City Council committee extends set-aside program for contracts with firms owned by minorities, women
Ald. Gilbert Villegas (36th) hopes to use the latest extension and disparity study to justify raising the bar — to 30% for companies owned by minorities, 10% for firms controlled by women.
Chicago’s construction set-side program for minorities and women is one of the last surviving big-city programs in the country.
On Wednesday, the groundwork was laid to keep it that way and perhaps even raise the bar to benefit both disadvantaged groups.
Meeting virtually for the first time, the City Council’s Committee on Contracting Oversight and Equity voted to extend the set-aside requirements until September 2021 to give a consultant time to complete the “disparity study” required to justify continuing and strengthening the program.
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Colette Holt had been scheduled to complete her study by Dec. 31, but “COVID came along to set us a little bit behind schedule,” she told aldermen Wednesday. Holt promised to have “findings for initial review sometime in early spring.”
In 2016, minority and female contractors demanding a bigger piece of the pie temporarily derailed then-Mayor Rahm Emanuel’s plan to extend the construction set-aside program for five years.
The City Council ultimately approved the extension, but only after Emanuelagreed to raise the bar by 2 percentage points for both minorities (increased to 26%) and women (increased to 6%).
Now, Ald. Gilbert Villegas (36th), Mayor Lori Lightfoot’s floor leader, hopes to use the latest extension and disparity study to justify raising the bar yet again — to 30% for companies owned by minorities and 10% for firms controlled by women.
“This really challenges the industry to say, ‘We have some goals that the city has put forward. How are we gonna try to make ’em?’ That’s a better approach instead of us setting the bar so low,” Villegas said Wednesday.
“If they don’t meet the 30 and 10, they have to explain why. There’s still a process they can go through. It’s not a quota program where they’re mandating. They have to demonstrate good-faith efforts.”
Ald. Jason Ervin (28th), chairman of the City Council’s Black Caucus, said he, too, would like to raise the bar for minorities and women — but only if the disparity study can justify it by proving there is market capacity.
“Of course we would like to see additional work for African-American companies. But we have to make sure we can stay within the confines of the law. The disparity study is supposed to show us what the capacity is. Then, we can make an educated decision, based on what the numbers look like,” Ervin said.
“When you talk about poverty, you talk about lack of opportunity. These businesses tend to hire people who look like them. That helps lift all of us up.”
Villegas also wants to raise caps on gross income and personal net worth that have forced construction companies owned by women and minorities out of Chicago’s set-aside program.
Companies are now forced to “graduate” from the set-aside program when their average gross receipts exceed $33 million over the previous three fiscal years and when the owner’s personal net worth tops $2.4 million.
Villegas branded those caps unrealistically low at a time when a $30 billion bonanza of construction contracts is coming down the pike from mega-projects like Lincoln Yards and “the 78” and public projects like a Chicago casino, O’Hare Airport expansion, the state capital plan and Lightfoot’s five-year, $3.7 billion capital plan.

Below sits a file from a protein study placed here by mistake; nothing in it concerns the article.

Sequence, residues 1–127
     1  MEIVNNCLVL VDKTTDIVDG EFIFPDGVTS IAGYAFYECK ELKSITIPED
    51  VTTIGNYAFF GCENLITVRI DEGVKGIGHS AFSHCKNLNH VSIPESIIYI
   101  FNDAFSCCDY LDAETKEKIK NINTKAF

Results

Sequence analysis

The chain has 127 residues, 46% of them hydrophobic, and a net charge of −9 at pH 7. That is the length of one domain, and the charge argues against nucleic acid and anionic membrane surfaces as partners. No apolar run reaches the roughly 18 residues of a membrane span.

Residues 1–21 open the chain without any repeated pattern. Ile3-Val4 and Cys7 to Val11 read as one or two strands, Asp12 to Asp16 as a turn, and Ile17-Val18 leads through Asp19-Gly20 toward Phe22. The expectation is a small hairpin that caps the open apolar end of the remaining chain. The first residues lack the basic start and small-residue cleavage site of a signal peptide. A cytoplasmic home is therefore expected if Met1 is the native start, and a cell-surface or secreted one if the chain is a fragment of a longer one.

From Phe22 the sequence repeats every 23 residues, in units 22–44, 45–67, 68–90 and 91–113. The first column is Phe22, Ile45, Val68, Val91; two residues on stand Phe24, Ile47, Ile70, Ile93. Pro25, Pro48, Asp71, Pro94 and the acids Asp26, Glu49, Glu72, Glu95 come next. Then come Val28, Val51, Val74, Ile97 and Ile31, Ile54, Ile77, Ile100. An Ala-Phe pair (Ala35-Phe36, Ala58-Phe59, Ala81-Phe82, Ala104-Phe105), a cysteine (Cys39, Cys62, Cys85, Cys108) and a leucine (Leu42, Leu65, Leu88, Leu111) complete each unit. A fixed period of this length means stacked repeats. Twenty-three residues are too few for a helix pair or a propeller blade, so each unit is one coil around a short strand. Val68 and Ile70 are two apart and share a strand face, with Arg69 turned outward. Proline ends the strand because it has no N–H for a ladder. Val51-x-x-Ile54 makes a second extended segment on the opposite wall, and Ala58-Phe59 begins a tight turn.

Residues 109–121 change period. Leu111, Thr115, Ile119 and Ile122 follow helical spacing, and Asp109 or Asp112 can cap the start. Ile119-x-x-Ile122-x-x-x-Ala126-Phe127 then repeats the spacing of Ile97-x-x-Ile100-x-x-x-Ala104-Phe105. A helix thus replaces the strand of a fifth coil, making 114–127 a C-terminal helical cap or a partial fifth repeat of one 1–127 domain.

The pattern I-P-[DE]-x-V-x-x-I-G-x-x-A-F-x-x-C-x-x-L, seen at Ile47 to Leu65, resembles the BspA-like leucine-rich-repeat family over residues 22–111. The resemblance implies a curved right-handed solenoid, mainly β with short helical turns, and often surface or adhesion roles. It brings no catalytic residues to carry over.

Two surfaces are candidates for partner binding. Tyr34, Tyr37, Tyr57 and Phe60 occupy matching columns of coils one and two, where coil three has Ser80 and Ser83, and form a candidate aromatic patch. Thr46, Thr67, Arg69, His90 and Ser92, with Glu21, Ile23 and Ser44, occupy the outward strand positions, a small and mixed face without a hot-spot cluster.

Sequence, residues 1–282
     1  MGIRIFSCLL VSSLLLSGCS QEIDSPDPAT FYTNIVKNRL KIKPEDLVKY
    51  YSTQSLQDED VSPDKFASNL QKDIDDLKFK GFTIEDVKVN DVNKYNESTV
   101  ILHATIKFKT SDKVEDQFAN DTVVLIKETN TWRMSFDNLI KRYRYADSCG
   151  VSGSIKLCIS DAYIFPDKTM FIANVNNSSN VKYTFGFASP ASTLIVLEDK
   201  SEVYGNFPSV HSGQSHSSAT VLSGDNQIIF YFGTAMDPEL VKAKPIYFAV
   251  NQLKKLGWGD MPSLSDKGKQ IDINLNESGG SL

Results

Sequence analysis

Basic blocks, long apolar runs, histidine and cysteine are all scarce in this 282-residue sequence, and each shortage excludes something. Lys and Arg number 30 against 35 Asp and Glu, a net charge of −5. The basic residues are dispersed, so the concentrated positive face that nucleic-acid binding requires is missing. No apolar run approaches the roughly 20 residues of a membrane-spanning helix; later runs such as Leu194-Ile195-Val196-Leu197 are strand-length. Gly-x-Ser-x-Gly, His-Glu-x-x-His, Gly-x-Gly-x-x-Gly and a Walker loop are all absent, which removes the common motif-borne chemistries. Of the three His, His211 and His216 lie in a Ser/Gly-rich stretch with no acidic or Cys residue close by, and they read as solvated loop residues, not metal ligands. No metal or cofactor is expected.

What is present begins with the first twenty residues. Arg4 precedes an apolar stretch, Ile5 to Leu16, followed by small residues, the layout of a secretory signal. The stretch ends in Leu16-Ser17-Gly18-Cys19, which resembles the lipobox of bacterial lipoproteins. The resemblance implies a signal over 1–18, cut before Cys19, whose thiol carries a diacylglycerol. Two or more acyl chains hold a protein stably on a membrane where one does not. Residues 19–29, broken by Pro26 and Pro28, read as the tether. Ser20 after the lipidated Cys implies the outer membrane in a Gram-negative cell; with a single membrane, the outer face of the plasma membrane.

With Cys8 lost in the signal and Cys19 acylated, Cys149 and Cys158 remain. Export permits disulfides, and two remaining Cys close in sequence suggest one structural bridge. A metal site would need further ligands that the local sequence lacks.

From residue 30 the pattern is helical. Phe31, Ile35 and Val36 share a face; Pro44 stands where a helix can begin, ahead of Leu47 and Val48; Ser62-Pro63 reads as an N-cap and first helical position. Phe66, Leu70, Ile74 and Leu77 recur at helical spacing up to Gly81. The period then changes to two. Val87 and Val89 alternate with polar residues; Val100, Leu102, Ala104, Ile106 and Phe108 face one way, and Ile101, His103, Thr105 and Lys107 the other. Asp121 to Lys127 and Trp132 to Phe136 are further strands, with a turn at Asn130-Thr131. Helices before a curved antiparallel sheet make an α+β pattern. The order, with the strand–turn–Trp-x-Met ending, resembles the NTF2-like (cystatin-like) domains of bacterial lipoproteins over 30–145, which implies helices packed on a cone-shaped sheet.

He suggested increasing the caps to $10 million for personal net worth, and $100 million for gross receipts.
“That’s been one of the biggest barriers to really seeing minority-and women-owned firms take it to the next level where they can compete and really benefit the city by having more firms competing for work.”
The state of California has no caps and awarded “north of $20 billion” worth of business to minorityfirms last year, Villegas said. In capless Miami, minorities and women got $4.1 billion.
Chicago has limits and thresholds and managed just $680 million. The barrier is thresholds that follow “national standards” established by the Small Business Administration, he said.
“We’re the third most expensive market. We have to see some gross receipts and personal net worth that are relative to cities like New York and L.A. to really be fair,” Villegas said.
Ervin agreed raising the caps on personal net worth and gross receipts would “help more companies stay in” the set-aside program. He pointed to companies that “graduate out of the program, only to end up back in it because they don’t see the opportunities available in the general marketplace.”
In 2012, the city initiated a “Phased Graduation Program” that allows minority contractors that have exceeded the program’s size standards to gradually exit over three years. Those firms get a 75% credit the first year, 50% in year two, and 25% in year three.
Chicago’s set-aside program is one of the nation’s last, but the road to maintaining it has been rocky.
In 2003, a federal judge responded to a lawsuit filed by the Builders Association of Greater Chicago by outlining a series of legal deficiencies in the existing set-aside law and gave the city six months to correct the problems.
The Council followed the legal roadmap to the letter. Under the revamped ordinance, Asian-Americans were no longer automatically included in a “presumptively socially disadvantaged” group that includes African-Americans, Hispanics and women.
They were forced to apply individually and sign affidavits documenting past discrimination. Generalities and mere anecdotes were not enough. They had to cite specific incidents of discrimination, including names, dates, places and amounts of money denied.
The redrawn ordinance also included a five-year sunset provision.